Term Paper: Education of Abbasid Today

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[. . .] These palace schools also prepared children of rulers for higher education. Like the later town and palace schools in Renaissance Europe, they also taught students the arts of formal speaking and conversation, history, tradition, and ethics. The teachers of these schools were called mu'addi, which means "one who refines manners."

Arab women studied, practiced and taught medicine, mysticism, poetry, teaching, and oratory and even took active roles in military conflicts. However, due to false Arab stereotypes, women do not receive much credit for their accomplishments and contributions to Arab history.

In these early mosques, teachers did not follow a specific format or curriculum. Instead, teachers were allowed to teach freely and use a variety of methods of instruction. Some teachers would teach from a text and answer questions later. Others would allow teaching assistants to read the instructor's lessons, while the teacher remained available for questions and comments. Many others taught their classes without ever opening a text.

One popular instructional methodology used was both didactic and discursive. The teacher first delivered a formal lecture, while the students gathered in a circle. The most advanced students and visiting guests sat closest to the teacher; women and children would sit at the outer circles if they wished to attend. Integration of community and school was expected. The lecture was delivered from a prepared manuscript. There were not many texts, so the students took notes and were expected to memorize a great deal of the content.

Three steps were used in the presentation: first, the teacher introduced the subject, avoiding details; second, the material was revised in greater depth; finally, the difficult points of the subject were fully explained.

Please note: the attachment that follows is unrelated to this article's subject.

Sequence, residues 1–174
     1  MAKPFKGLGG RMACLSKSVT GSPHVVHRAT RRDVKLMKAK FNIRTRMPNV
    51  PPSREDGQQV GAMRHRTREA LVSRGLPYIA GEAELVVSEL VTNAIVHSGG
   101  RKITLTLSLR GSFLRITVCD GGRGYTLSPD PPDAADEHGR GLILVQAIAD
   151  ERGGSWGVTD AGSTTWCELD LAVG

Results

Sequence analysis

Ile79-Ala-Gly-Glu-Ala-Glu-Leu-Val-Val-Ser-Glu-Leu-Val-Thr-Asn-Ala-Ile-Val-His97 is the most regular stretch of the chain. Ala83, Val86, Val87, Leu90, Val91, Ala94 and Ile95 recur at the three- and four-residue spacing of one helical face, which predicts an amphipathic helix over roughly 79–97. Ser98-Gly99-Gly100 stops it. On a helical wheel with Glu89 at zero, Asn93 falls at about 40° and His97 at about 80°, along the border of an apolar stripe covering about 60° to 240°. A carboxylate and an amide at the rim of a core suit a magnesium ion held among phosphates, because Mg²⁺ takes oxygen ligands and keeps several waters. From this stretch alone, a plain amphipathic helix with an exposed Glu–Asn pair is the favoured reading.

The lecture was then followed by intense discussion during which questions were posed and answered, sometimes by the teacher, sometimes by the guests and advanced students. The debate would often grow heated and the teacher was expected not to lose control or become angry while in debate with the students and guests.

In 1066 A.D., a new type of school system was introduced. Nizam al-Mulk, a Seljuk vizier, founded the Nizamiyya Madrasa in Baghdad. The madrasa later become the leader in secondary and college-level education in the Arab empire. Before al-Mulk founded this school, madrasas did indeed exist. However, this man founded the school that led to the popularization of secondary education.

As a result of this discovery, various universities in the Arab empire were created and became the prototype of various early European universities. Students from many lands flocked to study at Muslim colleges and universities. The reputation of Muslim colleges and other centers of learning in Spain and Italy extended to Christians in Spain and across the Pyrenees to scholars in France, England and Italy.

One European clergyman of the ninth century, San Alvaro of Cordova, wrote about the access of his contemporaries to Muslim education: "Many of my co-religionists read the poems and stories of the Arabs, and studied the writings of Muhammadans, theologians and philosophers, not in order to refute them, but to learn to express themselves most elegantly and correctly in the Arabic tongue. Alas! All the young Christians who became notable for their talents know only the language and literature of the Arabs, read and study Arabic books with zeal and at enormous cost from great libraries, and everywhere proclaim aloud that their literature is worthy of admiration."

Founded in 969 A.D., AI-Azhar University in Cairo preceded other universities in Europe by two centuries. Even today, it attracts students from all over the world.

The word "madrasa" literally translates to "place for learning." These madrasas were the foundation of departmentalized schools where education was available to everybody. Like today's colleges, madrasa included student dormitories, which allowed students to live on the grounds of the school.

Each madrasa, depending on its location, followed a specific curriculum. The subjects taught were the religious sciences (including the study of the Qur'an, hadith, jurisprudence and grammar) and the intellectual sciences (including mathematics, astronomy, music and physics). As these schools began to attract distinguished teachers and specialists from throughout the Arab empire, the number of disciplines increased and secondary education became the norm.

Instructors of these madrasas were given generous salaries and students were given substantial scholarships and funding to pursue their education. Both government and private entities provided education funding. Because the government played an important role in promoting these institutions, the subject matter, choice of teachers and allocation of funds were closely supervised and regulated by government officials.